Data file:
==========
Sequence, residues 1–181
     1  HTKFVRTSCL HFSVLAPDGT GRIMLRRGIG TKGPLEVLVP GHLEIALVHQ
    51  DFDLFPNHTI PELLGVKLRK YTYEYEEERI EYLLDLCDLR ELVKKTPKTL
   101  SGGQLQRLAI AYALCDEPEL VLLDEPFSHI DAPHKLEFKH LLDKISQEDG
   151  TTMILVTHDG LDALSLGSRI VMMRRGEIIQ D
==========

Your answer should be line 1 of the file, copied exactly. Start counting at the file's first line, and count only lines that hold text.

Sequence, residues 1–181